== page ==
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inaugural OIE/UGA at Oxford Visiting Fellow to speak about Dickens' "Little Dorrit"

University of Georgia’s inaugural OIE/UGA at Oxford Visiting Fellow to speak about Dickens' "Little Dorrit"

ATHENS, Ga. — Oxford University’s Kalika Sands, the inaugural Office of International Education/UGA at Oxford Visiting Fellow, will present “Urban Health and the Environment Abroad: The Artificial, Micro-, and Moral Climates of Charles Dickens’ ‘Little Dorrit’” in Park Hall room 265 on Wednesday, Feb. 15, at 4 p.m. Sands is a tutor in English literature at the University of Oxford, renowned for its rigorous tutorial teaching method. The visiting fellow program highlights the trans-Atlantic ties that have been forged since the UGA at Oxford Program was founded nearly 30 years ago. 

"Little Dorrit" initially was published between 1855-57 in serial form. The novel is a satire commenting on the shortcomings of society and of the government, and reflects the time period’s fascination with medical climatology, which can be most simply defined as the study of the relationship between climate and disease. In the early 19th century, it emerged as a separate branch of clinical practice.  Those who studied it were concerned with the effects of varied and foreign climates on individual health, including the ways in which atmospheric conditions could be used for therapeutic purposes, as well as the role temperature played in the spread of disease. 

The influence of medical climatology in 19th-century popular culture and literature is pervasive and central to the ideology of the period — “Little Dorrit” is no exception. At the novel’s opening, there is an immediate intersection between foreign cultures and “airs” with Rigaud infiltrating England from France, and with Arthur Clennam returning to native soils from the exotic climes of China. In addition to the sense of exoticism such journeys inspire, the atmosphere of London’s own Marshalsea prison speaks to the new concern with medical climatology. “It looked small at first,” the narrator states, “but there was very good company there—among a mixture—necessarily a mixture—and very good air.”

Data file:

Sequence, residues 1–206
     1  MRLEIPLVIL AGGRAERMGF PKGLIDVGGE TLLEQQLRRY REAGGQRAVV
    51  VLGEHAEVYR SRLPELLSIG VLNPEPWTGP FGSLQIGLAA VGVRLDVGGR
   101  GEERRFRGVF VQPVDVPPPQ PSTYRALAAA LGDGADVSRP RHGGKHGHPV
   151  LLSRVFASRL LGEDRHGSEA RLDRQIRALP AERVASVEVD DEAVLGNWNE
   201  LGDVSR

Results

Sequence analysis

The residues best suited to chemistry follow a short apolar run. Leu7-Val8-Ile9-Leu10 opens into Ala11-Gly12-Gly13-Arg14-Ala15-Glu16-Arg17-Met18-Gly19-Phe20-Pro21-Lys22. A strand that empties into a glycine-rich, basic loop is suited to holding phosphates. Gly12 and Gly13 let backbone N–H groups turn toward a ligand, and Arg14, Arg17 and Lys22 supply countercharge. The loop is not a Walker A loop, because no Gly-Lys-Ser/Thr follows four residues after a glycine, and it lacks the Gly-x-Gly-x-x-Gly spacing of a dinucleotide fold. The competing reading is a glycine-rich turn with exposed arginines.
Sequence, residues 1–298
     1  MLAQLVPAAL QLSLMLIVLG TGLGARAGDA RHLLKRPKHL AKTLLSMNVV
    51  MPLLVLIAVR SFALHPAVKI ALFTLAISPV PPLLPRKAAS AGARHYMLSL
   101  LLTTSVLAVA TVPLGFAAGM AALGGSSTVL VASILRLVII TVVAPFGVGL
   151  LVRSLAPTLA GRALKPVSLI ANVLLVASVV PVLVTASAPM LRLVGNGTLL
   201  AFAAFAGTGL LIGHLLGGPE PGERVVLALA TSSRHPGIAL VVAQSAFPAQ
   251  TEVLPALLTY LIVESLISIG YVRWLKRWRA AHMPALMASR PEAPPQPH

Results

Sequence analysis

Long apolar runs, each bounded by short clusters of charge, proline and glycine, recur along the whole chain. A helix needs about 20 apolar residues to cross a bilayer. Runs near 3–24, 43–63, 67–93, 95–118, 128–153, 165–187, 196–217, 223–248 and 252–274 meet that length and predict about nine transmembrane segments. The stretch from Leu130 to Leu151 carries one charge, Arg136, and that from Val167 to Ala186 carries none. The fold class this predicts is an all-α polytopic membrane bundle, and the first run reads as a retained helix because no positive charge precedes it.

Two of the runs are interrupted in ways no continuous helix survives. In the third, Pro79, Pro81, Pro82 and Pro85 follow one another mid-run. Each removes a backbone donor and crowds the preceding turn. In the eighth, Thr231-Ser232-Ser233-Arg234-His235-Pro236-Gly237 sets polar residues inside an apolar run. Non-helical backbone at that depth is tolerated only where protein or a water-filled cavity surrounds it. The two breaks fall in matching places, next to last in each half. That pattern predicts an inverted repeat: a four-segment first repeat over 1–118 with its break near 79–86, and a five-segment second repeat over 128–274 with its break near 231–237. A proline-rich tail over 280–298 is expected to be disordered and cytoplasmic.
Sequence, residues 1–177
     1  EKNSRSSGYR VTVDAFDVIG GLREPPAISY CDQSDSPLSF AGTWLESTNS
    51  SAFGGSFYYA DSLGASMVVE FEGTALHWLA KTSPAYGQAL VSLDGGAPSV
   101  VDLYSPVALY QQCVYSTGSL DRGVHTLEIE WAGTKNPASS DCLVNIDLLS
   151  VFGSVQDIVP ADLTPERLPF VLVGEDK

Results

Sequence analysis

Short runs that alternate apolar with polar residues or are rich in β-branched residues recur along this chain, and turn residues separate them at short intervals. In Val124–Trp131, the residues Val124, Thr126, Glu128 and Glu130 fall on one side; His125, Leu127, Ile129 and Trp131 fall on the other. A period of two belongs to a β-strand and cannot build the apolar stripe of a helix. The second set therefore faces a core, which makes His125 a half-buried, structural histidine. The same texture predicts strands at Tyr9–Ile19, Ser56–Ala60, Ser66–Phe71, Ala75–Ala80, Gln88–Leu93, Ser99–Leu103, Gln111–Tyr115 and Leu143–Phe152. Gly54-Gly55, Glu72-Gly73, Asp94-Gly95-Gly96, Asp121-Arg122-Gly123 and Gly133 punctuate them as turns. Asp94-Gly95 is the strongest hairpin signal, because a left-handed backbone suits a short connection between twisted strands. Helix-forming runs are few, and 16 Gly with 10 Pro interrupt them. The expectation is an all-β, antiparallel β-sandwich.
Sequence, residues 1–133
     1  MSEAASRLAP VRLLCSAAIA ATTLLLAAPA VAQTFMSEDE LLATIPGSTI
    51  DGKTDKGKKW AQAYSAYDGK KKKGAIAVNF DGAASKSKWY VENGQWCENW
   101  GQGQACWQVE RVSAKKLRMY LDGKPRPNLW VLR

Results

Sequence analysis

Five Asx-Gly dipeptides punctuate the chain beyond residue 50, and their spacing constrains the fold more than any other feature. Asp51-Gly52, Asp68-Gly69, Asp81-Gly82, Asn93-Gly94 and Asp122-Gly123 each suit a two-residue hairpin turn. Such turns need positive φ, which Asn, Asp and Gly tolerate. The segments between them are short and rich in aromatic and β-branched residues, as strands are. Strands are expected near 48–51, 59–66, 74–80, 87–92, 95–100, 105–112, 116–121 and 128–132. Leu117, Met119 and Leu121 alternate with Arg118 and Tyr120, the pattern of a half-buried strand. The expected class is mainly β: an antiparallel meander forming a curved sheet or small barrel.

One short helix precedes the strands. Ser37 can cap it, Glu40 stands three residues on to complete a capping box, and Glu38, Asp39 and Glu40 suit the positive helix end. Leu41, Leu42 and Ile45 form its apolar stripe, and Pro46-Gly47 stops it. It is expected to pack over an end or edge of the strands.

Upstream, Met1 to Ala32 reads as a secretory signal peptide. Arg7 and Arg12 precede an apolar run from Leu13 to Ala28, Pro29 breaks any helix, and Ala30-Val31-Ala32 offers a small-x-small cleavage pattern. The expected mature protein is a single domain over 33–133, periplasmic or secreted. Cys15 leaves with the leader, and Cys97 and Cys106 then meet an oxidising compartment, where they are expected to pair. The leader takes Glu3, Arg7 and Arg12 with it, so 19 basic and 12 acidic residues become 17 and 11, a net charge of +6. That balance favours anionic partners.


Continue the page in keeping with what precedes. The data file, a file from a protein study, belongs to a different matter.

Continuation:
Dickens’ novel presents London as a microcosm.  The metropolis is a place in which cultures merge, serving as the space where resolution and redemption are made possible. Through the narrative complexities of “Little Dorrit,” London comes to represent many seemingly contradictory things: a prison as well as a place of freedom, a miasmatic hovel as well as a metropolis that offers hospital care to the poor. Sands argues that Dickens has constructed a novel in which climate plays an essential role; “Little Dorrit” compartmentalizes the city in such a fashion as to foster a sense of diversity marked by medical climatology.

About the OIE/UGA at Oxford Fellowship
Funded by Noel Fallows, associate provost for international education, the OIE/UGA at Oxford fellowship was established to strengthen the ties between UGA and the faculty at the University of Oxford that have developed since 1989, when the first UGA students studied at Oxford under the UGA at Oxford banner. The program will bring one Oxford faculty member to visit UGA each semester for a week; fellows will meet with UGA classes in their fields, give public lectures on their research, and meet with students interested in the UGA at Oxford Program.  

About the Office of International Education
The Office of International Education supports the University of Georgia’s academic, research and outreach missions and strategic directions through the promotion of global learning experiences for students, the sponsorship and support of international students, scholars, faculty and staff, and the development of international research and instructional partnerships and collaborations. For more information, visit oie.uga.edu.